Uganda’s Coffee Investment Consortium Initiative, slated to receive Shs 37 billion in the 2023/24 budget to support the country’s coffee exports, is encountering internal difficulties, leading some founding members to withdraw their involvement.
Jackie Arinda, a founding member from Jada Coffee, expressed concerns, stating, “The consortium has lost its sense of direction, and members are uncertain about its current status.” Arinda also noted that the consortium’s leader, Nelson Tugume, has ceased holding regular meetings to update members on its progress.
The Consortium had appealed to President Museveni, citing challenges in raising capital to meet the demands of coffee exports. In response, President Museveni authorized the Finance Ministry to allocate $10 million (Shs 37 billion) as a coffee export fund. This fund was intended to provide exporters with the necessary capital to purchase substantial quantities of coffee from farmers for processing and export.
However, this proposal faced rejection by Members of Parliament, who labeled it as unfeasible.
The coffee fund project was championed by the Presidential Advisory Committee on Exports and Industrial Development (PACEID), led by Odrek Rwabwogo. In May 2023, Rwabwogo asserted that the coffee fund aimed to support invoices for 21 coffee firms struggling with limited market presence.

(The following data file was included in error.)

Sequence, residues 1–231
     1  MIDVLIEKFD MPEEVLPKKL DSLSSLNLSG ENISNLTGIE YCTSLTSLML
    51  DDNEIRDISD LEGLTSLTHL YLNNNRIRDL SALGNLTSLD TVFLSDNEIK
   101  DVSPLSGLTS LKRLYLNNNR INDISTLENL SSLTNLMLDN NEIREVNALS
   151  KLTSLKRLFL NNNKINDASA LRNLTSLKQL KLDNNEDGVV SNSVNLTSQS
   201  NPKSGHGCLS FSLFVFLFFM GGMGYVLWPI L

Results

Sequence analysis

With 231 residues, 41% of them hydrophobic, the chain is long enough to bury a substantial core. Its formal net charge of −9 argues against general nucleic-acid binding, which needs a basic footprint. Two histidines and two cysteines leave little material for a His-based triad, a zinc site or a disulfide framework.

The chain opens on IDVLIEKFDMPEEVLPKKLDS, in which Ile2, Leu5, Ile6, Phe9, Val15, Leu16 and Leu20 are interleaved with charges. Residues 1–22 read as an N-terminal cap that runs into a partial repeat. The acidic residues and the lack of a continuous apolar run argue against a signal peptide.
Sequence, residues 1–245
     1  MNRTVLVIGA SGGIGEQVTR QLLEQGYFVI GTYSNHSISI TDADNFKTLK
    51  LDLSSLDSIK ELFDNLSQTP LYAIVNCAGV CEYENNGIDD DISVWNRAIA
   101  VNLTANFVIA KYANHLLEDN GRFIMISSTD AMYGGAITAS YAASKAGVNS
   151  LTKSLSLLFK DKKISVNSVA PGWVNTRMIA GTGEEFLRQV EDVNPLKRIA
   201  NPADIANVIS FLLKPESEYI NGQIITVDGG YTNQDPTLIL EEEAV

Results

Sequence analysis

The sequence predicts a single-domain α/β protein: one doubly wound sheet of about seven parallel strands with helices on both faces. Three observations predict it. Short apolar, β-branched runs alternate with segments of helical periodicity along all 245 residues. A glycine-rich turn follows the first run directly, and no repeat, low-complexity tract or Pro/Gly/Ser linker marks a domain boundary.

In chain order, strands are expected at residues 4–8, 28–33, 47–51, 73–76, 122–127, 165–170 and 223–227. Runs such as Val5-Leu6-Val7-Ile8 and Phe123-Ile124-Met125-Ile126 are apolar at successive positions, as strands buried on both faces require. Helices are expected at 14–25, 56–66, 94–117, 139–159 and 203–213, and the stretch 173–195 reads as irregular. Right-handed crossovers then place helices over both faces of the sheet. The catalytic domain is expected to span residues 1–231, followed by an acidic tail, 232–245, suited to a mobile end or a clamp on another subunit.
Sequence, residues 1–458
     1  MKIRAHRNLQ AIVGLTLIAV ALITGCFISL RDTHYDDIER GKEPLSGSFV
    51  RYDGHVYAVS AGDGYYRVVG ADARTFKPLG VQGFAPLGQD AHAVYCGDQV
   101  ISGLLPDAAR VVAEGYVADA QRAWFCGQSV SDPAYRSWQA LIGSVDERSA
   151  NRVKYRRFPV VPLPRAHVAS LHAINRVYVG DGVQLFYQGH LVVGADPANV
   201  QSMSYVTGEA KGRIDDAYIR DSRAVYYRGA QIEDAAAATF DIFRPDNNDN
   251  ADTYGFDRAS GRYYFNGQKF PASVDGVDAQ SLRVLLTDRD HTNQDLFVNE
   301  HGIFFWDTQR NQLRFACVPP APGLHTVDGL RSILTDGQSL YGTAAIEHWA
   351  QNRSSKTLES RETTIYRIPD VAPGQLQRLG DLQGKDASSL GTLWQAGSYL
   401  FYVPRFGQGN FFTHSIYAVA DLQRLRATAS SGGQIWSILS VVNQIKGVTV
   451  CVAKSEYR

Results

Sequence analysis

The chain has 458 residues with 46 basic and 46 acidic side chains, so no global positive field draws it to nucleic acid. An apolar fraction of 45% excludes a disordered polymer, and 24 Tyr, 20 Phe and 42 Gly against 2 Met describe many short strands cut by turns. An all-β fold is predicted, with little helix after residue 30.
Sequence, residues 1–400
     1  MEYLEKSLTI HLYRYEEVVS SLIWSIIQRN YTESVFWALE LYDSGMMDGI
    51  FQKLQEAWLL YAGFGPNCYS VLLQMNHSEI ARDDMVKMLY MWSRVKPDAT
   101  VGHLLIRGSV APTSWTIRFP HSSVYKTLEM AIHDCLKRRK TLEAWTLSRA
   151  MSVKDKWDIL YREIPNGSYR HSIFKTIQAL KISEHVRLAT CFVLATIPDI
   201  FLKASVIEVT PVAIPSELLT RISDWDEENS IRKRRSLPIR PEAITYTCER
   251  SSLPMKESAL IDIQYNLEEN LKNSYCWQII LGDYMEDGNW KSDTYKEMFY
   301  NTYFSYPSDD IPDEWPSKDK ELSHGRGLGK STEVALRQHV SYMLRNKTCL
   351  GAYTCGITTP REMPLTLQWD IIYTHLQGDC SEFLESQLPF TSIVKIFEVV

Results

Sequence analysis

Contrary to this assertion, departures from the consortium began with Kwezi Kutesa of Kwezi Coffee and Gerald Katabazi of Volcano Coffee. Katabazi expressed regret for joining the consortium, stating, “I was misled into thinking it was wise. The photo showed senior figures, but the individuals I followed were not those I knew.”
The issue of accountability became a point of contention, with Katabazi leaving a meeting at the Kampala Serena Hotel where accountability concerns were being discussed with Tugume. Katabazi argued for the consortium’s original plan of supporting members in accessing capital to procure coffee from across Uganda for export.
Tensions escalated when Tugume proposed using the coffee fund to purchase coffee for processing at Kyagulanyi Coffee Ltd, a foreign-owned company, a suggestion that was met with resistance from consortium members.
It was reported that, at President Museveni’s direction, the Finance Ministry allocated $1 million (Shs 3.7 billion) to assist consortium members in showcasing their products at Uganda’s trade hub in Serbia. However, members claim that Tugume has yet to provide a proper account of the funds.
In Serbia, President Museveni emphasized the importance of value addition to coffee exports. He stated, “We should make the most of this opportunity because we can fetch $40 per kilogram of processed coffee. Selling a kilogram of unprocessed coffee brings in only $2.5. Can you see the losses we have been incurring?”
Nevertheless, the consortium, originally intended to support Museveni’s vision, is currently experiencing a lack of direction. A member commented, “There is a prevailing sense of disarray within the consortium, and companies are now pursuing independent coffee exports to Serbia and other destinations.”